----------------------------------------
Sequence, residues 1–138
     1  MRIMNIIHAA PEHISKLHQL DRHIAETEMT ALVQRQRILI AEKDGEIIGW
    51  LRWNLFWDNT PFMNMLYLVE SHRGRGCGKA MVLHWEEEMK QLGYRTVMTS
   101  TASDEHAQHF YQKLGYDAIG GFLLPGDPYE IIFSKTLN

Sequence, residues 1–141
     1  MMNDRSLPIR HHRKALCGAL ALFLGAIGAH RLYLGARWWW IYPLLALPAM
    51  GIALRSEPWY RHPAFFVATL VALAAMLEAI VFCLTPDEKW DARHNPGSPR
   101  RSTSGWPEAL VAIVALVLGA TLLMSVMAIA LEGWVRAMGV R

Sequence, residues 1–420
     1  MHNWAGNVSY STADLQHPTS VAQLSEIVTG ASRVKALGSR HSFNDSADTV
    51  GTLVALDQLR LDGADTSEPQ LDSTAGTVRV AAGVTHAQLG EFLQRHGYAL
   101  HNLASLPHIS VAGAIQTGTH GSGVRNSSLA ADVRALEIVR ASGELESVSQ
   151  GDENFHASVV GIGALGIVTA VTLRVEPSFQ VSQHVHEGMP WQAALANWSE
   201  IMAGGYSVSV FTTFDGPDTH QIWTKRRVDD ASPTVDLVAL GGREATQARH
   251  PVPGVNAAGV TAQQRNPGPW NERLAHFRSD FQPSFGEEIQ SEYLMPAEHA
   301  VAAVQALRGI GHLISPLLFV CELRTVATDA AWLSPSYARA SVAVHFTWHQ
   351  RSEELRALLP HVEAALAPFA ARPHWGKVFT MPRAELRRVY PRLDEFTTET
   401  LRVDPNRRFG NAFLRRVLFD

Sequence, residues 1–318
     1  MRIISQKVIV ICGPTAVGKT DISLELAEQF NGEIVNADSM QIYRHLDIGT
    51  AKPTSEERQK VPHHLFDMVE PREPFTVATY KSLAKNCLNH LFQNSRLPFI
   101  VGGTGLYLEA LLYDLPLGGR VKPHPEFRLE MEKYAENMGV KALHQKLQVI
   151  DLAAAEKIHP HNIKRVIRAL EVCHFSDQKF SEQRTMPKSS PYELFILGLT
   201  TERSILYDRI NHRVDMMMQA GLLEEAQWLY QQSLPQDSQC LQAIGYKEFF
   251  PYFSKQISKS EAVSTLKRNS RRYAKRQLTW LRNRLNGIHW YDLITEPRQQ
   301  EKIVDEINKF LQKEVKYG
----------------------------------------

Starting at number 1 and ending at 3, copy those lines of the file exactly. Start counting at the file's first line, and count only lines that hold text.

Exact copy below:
Sequence, residues 1–138
     1  MRIMNIIHAA PEHISKLHQL DRHIAETEMT ALVQRQRILI AEKDGEIIGW
    51  LRWNLFWDNT PFMNMLYLVE SHRGRGCGKA MVLHWEEEMK QLGYRTVMTS